Battle of the Sexes – movie review

In 1973, former Wimbledon champion Bobby Riggs played women’s champion Billie Jean King in a spectacular tennis match – dubbed the Battle of the Sexes – at the Houston Astrodome. Riggs was also a serial tennis hustler, gambling addict and sexist braggart. It proved a landmark that ultimately had repercussions for the status of women’s tennis and the burgeoning feminist movement.

Riggs (Steve Carell) was a former #1 ranked player and three-time Wimbledon champion. Out of the top level for some time, he eked out a living on the seniors’ circuit – and participated in bizarre challenges for money. Riggs’ wealthy wife Priscilla (Elisabeth Shue) supported his gambling addiction – at least for a while.

Billie Jean King (Emma Stone) was advocating equal pay for female players and for them to be treated seriously as professional athletes. She had been butting heads with Jack Kramer (Bill Pullman), the powerful head of the ATP, over the issue of equal pay for female players. Female athletes, especially tennis players, were not taken seriously at this time, and were not considered exciting to watch. Women were only supposed to be seen in the kitchen or the bedroom. When Kramer refused to give in to her demands, she started her own rival WTA tour.

Desperate for attention, Riggs challenged any “hairy-legged feminist” to a match to “prove” male dominance in the sport. He beat world #1 Margaret Court in straight sets. Buoyed by that success, he upped the ante. He offered $100,000 to any female tennis player who could beat him. Riggs bragged to the media that he was putting the “show back into chauvinism.”

The 29-year old King eventually agreed to take on the 55-year old Riggs at his own game. She played for pride and to bring dignity to womens’ tennis. The result changed the nature of professional tennis and the status of female players forever.

At that time though, King was also undergoing some personal problems and coming to terms with her own sexuality. Although married to Larry (Austin Stowell), her loving and supportive husband and tennis promoter, Billie Jean developed strong feelings for Marilyn Bartlett (Andrea Riseborough), a beautiful young hairdresser. Given the times though, King was unable to openly share her emotional connection to Marilyn because it may have destroyed her professional career.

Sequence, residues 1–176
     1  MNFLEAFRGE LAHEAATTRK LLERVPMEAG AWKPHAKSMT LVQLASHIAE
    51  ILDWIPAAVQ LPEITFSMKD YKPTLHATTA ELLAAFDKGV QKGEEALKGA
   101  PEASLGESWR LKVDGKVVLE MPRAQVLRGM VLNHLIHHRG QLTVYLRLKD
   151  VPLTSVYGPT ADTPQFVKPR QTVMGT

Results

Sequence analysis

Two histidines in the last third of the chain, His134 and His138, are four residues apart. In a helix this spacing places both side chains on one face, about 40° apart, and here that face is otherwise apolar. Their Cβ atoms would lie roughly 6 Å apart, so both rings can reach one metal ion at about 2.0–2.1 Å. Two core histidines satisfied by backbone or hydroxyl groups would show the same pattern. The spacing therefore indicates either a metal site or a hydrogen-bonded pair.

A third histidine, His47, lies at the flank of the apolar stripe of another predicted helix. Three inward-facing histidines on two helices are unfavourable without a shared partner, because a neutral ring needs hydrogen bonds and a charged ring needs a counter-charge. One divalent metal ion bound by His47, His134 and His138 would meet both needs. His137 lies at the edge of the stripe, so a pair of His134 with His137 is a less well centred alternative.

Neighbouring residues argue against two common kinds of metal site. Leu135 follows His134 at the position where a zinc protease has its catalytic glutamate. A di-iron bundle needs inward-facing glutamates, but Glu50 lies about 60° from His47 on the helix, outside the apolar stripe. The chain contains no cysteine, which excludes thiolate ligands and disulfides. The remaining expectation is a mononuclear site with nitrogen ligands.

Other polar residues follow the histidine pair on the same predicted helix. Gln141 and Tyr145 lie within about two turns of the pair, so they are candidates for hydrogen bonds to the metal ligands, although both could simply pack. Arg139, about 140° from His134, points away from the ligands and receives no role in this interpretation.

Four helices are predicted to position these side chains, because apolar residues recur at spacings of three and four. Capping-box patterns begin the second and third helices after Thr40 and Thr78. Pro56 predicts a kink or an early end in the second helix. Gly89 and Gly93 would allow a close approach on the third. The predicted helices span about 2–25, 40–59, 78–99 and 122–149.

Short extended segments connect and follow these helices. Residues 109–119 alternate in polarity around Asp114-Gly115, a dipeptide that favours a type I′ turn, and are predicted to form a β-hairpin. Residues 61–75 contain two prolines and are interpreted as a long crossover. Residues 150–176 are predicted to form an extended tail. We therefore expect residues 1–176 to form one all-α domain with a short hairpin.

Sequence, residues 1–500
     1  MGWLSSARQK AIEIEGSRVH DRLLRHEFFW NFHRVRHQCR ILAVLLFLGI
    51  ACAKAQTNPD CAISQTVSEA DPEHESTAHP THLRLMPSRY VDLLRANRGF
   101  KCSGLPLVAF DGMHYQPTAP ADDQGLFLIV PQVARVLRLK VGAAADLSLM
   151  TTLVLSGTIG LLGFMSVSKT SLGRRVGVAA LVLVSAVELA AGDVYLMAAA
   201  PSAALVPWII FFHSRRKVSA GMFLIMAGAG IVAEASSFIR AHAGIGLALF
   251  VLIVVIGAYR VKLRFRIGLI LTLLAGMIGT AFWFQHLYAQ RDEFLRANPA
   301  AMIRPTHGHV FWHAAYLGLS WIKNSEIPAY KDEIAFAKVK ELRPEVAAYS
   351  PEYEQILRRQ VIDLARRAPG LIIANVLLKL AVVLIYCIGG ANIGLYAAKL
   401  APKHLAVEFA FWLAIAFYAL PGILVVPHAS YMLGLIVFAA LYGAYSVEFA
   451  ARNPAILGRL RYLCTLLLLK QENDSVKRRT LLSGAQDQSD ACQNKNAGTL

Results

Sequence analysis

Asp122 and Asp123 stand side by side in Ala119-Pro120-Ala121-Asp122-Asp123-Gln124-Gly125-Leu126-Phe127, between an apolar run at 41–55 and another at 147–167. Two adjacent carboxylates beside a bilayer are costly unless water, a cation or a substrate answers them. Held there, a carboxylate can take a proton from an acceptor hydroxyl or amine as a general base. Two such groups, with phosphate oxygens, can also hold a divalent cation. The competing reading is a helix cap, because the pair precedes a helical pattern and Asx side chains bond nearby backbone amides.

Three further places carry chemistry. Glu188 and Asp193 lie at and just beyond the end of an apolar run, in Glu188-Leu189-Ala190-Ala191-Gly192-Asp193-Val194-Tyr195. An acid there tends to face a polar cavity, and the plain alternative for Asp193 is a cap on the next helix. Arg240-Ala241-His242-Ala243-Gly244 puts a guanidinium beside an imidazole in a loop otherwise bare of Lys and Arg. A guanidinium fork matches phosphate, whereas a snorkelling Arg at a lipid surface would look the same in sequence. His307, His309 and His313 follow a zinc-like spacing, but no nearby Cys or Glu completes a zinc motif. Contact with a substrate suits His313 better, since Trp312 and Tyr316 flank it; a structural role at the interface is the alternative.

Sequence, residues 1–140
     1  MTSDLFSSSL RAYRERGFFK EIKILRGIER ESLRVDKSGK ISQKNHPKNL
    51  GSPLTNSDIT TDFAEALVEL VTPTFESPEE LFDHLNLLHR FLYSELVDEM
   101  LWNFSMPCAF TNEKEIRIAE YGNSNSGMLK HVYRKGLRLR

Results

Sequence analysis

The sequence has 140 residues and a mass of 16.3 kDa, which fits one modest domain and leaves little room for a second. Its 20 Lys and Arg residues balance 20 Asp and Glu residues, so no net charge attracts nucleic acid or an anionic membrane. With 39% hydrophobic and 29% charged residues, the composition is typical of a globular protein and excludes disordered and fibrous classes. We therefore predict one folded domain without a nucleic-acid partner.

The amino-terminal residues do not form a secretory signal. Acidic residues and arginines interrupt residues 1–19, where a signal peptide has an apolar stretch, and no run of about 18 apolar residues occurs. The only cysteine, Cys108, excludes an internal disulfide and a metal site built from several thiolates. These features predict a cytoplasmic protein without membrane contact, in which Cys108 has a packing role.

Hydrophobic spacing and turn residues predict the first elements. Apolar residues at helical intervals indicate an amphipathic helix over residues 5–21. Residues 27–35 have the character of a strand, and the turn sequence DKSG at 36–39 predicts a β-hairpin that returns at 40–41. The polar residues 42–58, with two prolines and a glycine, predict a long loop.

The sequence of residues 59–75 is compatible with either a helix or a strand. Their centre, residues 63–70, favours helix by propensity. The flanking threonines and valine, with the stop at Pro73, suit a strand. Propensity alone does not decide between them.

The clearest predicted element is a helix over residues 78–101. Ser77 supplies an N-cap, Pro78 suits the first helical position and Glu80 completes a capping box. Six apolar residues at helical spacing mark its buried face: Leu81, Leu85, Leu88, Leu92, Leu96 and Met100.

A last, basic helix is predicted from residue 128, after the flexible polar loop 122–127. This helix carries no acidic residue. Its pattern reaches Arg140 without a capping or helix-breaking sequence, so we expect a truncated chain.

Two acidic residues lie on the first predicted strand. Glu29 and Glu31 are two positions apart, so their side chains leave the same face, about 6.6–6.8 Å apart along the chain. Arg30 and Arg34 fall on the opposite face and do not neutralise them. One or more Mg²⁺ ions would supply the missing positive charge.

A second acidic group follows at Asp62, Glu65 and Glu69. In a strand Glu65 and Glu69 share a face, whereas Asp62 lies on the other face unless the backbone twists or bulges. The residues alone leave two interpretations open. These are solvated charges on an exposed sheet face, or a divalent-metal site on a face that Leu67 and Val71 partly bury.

This dramatization of that famous match explores the subversive politics of the period. It also touches on topical issues such as gender politics in sport, equality, sexual orientation, and respect – themes that are still relevant and important today. It’s such a great story that it’s surprising that it hasn’t been tackled on screen before now.

Simon Beaufoy, known for his collaborations with Danny Boyle on films like Slumdog Millionaire wrote the screenplay for Battle of the Sexes. And while the tennis match between King and Riggs is fittingly the centrepiece and climactic moment of the film, Beaufoy has also concentrated on King’s personal journey. However, the romance between King and Bartlett does slow the film down unnecessarily, and the pacing is a little uneven.

This enjoyable, crowd-pleasing film is the third feature from husband and wife directorial team of Jonathan Dayton and Valerie Faris (Little Miss Sunshine). They do a good job of putting the game-changing match into its historical perspective. Their handling of the climactic tennis match is superbly choreographed and staged. Oscar winning cinematographer Linus Sandgren (La La Land) also does a superb job of capturing the tone of the era with his washed-out colour palette. That look references the classic cinema of the 70s, giving the material a strong sense of nostalgia. Period detail, costumes, hairstyles and locations also reek of authenticity.

The casting of the two leads is spot on, with both Carell and Stone bearing a strong resemblance to their counterparts. Carell is perfectly cast here. He brings a wonderful sense of bravado and humour to his portrayal of the larger-than-life Riggs, playing him as something of an egotistical clown still living on past glories. But he is a colourful and nuanced character, and Carell makes him likeable enough despite his casual air of misogyny.

Wearing King’s trademark glasses and hairstyle, Stone is almost unrecognisable here. She is strong as the quietly determined, optimistic King who is trying to change the world. But she somehow comes across as a less interesting character than Riggs. Although outwardly confident, Stone brings a hint of vulnerability to her performance in those scenes that explore her tentative sexual awakening.

Riseborough (Birdman) brings a hint of naivety and innocence to her performance as Bartlett. There is a good chemistry between her and Stone that elevates their scenes together. Pullman (The Equalizer) brings a smug quality to his performance as the intimidating and small-minded Kramer. Rounding out the supporting cast are from Sarah Silverman (Wreck-it Ralph), who is good as powerful female tennis promoter Gladys Heldman; and Alan Cumming (The Good Wife), who brings a hint of flamboyance to his performance as former player turned fashion designer Ted Tinling.

Director: Jonathan Dayton, Valerie Faris
Cast: Steve Carell, Emma Stone, Elisabeth Shue
Release Date: 28 September 2017
Rating: PG

Greg King

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